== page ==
Hall in Tirol and the Historic Importance of Salt
Before refrigeration, salt was "white gold" — and a key to surviving the winter. In the Austrian town of Hall in Tirol, reminders survive that show how the town was once a powerhouse thanks to its salt mines.
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Today's laid-back Hall cradles its market square. Its pastel buildings and quaint streets feel refreshingly traditional. Actually, too traditional if you're trying to accomplish anything more than a leisurely lunch from noon till two, when everything closes.
During the Habsburg rule, Hall's castle served as the local mint. Old-time methods are still used here to strike shiny souvenir coins. Five hundred years ago, this was how you made money.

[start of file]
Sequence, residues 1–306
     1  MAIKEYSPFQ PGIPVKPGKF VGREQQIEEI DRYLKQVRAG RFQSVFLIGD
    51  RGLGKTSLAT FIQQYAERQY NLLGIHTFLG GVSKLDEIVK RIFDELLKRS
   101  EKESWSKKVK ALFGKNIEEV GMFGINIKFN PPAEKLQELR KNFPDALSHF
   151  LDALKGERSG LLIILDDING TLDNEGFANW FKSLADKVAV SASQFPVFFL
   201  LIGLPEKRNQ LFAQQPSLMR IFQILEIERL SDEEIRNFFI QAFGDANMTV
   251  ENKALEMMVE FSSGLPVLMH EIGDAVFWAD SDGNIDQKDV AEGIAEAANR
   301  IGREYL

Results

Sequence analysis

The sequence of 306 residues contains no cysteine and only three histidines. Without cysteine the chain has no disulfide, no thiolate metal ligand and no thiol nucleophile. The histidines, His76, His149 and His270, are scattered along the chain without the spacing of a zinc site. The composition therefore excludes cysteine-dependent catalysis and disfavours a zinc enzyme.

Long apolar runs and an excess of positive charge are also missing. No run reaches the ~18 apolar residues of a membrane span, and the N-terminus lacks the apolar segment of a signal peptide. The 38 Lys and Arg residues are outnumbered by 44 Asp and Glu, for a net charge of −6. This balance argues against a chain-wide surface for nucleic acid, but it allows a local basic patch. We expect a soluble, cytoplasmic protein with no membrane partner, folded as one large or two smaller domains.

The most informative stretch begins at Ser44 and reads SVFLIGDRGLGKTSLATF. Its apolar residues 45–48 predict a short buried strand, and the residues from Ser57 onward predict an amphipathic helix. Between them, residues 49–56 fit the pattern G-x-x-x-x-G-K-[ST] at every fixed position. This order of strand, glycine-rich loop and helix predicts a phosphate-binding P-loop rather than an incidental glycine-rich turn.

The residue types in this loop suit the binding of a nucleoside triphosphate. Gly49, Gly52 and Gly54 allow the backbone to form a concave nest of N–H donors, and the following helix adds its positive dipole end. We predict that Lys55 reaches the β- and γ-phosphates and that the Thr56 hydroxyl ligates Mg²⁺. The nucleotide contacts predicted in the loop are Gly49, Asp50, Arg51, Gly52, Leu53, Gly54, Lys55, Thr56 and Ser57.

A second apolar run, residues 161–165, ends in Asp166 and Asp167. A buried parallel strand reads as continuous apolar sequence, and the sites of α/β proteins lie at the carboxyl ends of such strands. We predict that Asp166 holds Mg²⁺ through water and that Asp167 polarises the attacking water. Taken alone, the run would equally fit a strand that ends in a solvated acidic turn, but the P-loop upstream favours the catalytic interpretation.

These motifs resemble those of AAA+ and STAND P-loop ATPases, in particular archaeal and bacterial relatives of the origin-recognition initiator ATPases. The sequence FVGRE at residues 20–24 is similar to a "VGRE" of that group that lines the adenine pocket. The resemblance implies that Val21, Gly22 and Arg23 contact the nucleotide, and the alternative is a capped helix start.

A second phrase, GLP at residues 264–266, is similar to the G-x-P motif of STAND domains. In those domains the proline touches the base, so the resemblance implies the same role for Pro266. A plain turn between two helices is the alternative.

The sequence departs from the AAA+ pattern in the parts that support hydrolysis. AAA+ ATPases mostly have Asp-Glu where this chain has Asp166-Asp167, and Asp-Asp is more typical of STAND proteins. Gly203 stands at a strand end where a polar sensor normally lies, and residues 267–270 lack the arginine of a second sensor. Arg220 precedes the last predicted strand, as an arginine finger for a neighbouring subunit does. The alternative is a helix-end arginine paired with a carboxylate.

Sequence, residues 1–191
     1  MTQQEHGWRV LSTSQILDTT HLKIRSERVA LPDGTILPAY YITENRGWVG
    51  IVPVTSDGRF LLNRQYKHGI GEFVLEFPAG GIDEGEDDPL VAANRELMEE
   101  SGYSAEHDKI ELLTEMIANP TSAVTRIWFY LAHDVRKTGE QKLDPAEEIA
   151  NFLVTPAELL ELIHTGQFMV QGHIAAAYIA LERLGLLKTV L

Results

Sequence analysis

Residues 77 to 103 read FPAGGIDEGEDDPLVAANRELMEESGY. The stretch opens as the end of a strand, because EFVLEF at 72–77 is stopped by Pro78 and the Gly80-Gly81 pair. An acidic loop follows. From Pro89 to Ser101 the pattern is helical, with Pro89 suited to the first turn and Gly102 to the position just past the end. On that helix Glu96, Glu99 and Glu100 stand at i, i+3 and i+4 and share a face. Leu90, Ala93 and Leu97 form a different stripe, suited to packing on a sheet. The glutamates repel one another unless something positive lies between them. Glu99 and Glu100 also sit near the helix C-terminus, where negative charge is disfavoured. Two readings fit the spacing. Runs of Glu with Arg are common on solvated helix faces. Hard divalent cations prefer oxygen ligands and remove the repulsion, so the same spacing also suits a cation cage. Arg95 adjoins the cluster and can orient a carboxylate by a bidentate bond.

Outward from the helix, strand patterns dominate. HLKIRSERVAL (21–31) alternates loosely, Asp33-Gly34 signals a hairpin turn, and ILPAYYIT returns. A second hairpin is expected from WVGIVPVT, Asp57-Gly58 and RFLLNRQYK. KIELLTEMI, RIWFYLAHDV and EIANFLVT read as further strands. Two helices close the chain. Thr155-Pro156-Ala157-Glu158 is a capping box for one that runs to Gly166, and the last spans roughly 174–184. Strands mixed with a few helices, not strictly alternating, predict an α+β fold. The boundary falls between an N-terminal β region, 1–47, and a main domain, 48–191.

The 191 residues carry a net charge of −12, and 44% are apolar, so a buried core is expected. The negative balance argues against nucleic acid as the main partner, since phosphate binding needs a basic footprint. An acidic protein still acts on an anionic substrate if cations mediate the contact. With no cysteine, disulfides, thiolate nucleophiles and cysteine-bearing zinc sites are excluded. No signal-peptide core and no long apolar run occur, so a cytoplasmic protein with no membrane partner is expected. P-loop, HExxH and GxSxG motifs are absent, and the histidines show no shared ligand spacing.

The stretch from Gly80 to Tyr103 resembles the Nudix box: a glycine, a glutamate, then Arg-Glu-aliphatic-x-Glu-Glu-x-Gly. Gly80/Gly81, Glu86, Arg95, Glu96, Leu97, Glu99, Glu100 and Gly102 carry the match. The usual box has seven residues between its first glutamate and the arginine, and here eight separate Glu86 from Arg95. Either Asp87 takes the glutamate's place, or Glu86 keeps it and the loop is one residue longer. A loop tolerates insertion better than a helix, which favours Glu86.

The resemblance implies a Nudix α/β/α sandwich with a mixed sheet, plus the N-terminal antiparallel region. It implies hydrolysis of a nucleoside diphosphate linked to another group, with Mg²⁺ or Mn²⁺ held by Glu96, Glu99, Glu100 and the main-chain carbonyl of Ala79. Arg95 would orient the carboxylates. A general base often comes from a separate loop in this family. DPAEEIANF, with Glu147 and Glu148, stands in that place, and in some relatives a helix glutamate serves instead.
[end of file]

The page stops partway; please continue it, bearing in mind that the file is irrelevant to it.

The town's name, Hall, means "salt." Hall was so important because it was a center of salt mining and trade.
In the past, salt was mined like a precious mineral. It was so valuable because before modern refrigeration it was used to preserve food. Salt helped people survive the winters. That's why they called it "white gold."
Back when salt was money, Hall was loaded — its seal features a barrel of salt. The town's elegant architecture and rich church make it clear that in its day, Hall was a local powerhouse.
While the church's structure is mostly 15th-century Gothic, the decor inside is 17th-century Baroque. And with a close look, you can see the wealth was founded on salt. Miners generated the wealth that paid for the lavish altars, extravagant starbursts, and this statue of the miners' patron, St. Barbara. And even the little cupids carry barrels of salt.